Many clinicians may have an impression that pruritus is more frequent in diabetic patients than in nondiabetic individuals. Although pruritus in the feet due to tinea pedis and pudendal pruritus due to candidiasis have been reported to be highly prevalent in diabetic patients (7,8), there is little epidemiological evidence of pruritus with diabetes. In this study, we clearly demonstrated the higher prevalence of TPUO in diabetic than in nondiabetic subjects, and TPUO was observed in ~12% of general diabetic outpatients in a frequency similar to that of the symptom of “pain in feet.” On the other hand, the prevalence of pruritus in the head and neck or legs and pruritus caused by dermatitis were not different between diabetic and nondiabetic subjects.
The etiology of TPUO has not been elucidated. Our survey showed that TPUO was significantly associated with sensory disturbance in the legs and areflexia of ATR. These findings were thought to be characteristic for DPN (9). Moreover, detailed neurological evaluation indicated that an impaired blood pressure response to a head-up tilt test was most closely associated with TPUO. This impairment reflected the deterioration of sympathetic nerve function (10). We therefore think that TPUO is a symptom of DPN, especially in sympathetic nerve dysfunction. Two possible mechanisms are proposed as an etiological theory of TPUO. First, because sympathetic nerve function includes the sudomotor function (11), sympathetic dysfunction caused hypohydrosis and resulted in dry skin. It is well known that pruritus occurs frequently with dry skin. In dry skin the barrier function of the skin is decreased, and the threshold for itching is lowered; therefore, TPOU is elicited. In fact, increased numbers of mast cells and histamine content have been reported in experimental dry skin in mice (12). A second possibility is that the damage to sensory c-fibers by DPN causes pruritus directly. Superficial skin pain is considered to be caused by abnormal firing of the pain nerve fiber in patients with DPN (13). Similarly, abnormal firing of the nerve fiber in pruritus may induce TPUO. In fact, hyperplasia of the c-fibers in the epidermis has been reported in dermatitis with strong pruritus (14). The unmyelinated c-fiber that transmits pruritus is a fiber similar to the sympathetic nerve ending in the skin. Thus, a significant association between TPUO and orthostatic intolerance seems to be reasonable. Both of the two etiological factors, the dry skin due to sudomotor hypofunction and direct nerve fiber damage by DPN, may be involved in TPUO. To determine the etiology of TPOU accurately, a skin biopsy and nerve fiber staining with antiprotein gene product 9.5 antibody in patients with TPUO will be necessary (15). Although discussion of treatment of diabetic truncal pruritus is beyond the scope of this study, two kinds of drugs might be useful. One is an antihistaminic agent that may be effective for mild pruritus due to dry skin and the other is a neurotropic agent such as gabapentin that may be effective for severe TPUO such as uremic pruritus (16).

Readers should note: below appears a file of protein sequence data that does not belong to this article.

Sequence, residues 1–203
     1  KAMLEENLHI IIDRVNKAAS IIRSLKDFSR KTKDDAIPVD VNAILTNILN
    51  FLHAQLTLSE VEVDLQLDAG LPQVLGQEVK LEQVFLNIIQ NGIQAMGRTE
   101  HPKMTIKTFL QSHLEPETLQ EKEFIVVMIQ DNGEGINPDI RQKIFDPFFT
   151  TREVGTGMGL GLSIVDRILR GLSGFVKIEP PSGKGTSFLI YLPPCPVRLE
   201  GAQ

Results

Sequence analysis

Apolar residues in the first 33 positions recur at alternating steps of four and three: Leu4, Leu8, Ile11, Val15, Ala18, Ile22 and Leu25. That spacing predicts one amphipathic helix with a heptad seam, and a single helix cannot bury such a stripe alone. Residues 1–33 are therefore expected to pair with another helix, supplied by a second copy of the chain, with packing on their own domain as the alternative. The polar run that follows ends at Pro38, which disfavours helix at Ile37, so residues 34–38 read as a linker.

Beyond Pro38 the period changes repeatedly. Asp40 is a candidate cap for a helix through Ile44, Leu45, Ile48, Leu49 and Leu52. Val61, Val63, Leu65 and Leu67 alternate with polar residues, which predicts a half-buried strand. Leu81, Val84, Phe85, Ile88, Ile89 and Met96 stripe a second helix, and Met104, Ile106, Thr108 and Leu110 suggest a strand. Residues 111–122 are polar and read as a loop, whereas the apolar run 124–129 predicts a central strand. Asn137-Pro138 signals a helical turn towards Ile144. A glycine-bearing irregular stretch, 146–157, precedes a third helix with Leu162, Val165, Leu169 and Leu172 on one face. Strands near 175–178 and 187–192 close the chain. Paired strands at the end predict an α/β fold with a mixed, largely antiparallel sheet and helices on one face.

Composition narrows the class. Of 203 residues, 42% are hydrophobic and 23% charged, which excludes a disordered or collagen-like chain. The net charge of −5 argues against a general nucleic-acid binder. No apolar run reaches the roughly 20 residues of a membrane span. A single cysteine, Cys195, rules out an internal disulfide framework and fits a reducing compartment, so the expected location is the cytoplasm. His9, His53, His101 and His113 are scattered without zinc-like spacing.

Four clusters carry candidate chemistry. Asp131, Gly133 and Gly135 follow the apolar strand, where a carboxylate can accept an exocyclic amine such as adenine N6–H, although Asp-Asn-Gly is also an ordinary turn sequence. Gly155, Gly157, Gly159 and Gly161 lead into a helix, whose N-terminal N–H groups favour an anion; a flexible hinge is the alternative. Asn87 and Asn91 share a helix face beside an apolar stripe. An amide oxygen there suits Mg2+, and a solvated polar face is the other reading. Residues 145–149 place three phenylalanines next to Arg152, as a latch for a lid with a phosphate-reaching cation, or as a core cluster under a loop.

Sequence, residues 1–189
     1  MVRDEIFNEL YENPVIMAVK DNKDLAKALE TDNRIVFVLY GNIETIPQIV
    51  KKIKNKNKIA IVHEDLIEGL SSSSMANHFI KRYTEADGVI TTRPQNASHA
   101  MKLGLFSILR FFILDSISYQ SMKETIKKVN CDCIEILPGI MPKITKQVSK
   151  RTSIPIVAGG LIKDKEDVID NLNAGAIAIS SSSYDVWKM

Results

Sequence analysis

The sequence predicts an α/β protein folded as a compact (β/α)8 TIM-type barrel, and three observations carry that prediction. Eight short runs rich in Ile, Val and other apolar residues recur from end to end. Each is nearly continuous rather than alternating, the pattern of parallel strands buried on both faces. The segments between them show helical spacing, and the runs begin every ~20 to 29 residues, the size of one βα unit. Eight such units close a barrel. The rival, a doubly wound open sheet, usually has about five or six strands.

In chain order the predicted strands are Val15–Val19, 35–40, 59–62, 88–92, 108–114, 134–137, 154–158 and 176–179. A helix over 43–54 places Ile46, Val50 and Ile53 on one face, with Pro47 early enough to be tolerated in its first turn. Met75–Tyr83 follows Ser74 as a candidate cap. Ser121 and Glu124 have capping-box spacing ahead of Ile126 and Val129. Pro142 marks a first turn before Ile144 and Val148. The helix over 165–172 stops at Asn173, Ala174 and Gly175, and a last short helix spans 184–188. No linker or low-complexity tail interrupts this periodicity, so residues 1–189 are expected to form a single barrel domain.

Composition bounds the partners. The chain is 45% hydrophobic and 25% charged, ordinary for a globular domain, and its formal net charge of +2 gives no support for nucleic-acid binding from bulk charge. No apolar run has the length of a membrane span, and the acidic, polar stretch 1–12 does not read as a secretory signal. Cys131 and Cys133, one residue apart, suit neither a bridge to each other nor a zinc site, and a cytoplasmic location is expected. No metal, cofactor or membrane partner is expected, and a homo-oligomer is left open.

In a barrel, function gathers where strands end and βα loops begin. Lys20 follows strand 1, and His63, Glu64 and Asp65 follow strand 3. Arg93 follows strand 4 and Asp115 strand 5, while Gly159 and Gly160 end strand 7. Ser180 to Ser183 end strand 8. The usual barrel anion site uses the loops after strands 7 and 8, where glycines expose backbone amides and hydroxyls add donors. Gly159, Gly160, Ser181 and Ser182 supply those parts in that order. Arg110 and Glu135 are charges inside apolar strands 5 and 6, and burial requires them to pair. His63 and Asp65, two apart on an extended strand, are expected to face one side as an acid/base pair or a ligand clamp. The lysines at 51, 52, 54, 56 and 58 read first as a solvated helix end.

From the viewpoint of clinical practice, TPUO seems to be useful for not misdiagnosing DPN. Some investigators have reported that ~50% of patients with DPN did not complain of sensory disturbance in their legs, which is a symptom typical of DPN (17). It is therefore necessary to do a neurological examination such as vibratory perception threshold and ATR for the diagnosis of DPN. However, it is not feasible to examine ATR and vibratory perception threshold in all diabetic outpatients because of the remarkable increase in the diabetic population. Consequently, it is important to be familiar with the symptoms of DPN other than the sensory disturbance of the legs. By recognizing TPUO as a subjective symptom of DPN, it may be possible to reduce the misdiagnosis of DPN. Indeed, 15% of asymptomatic patients with DPN, who showed bilateral ATR areflexia and no abnormal sensations, complained of TPUO in our questionnaire survey.
In summary, the prevalence of TPUO in diabetic patients is significantly higher than that in nondiabetic individuals, and TPUO is significantly associated with symptoms and signs of DPN, one of which is orthostatic hypotension. TPUO, therefore, may be a newly recognized symptom of DPN.
No potential conflicts of interest relevant to this article were reported.
We are grateful to the members of Wakayama Medical Association for providing the date of questionnaire.
The costs of publication of this article were defrayed in part by the payment of page charges. This article must therefore be hereby marked “advertisement” in accordance with 18 U.S.C. Section 1734 solely to indicate this fact.
See accompanying editorial, p. 210.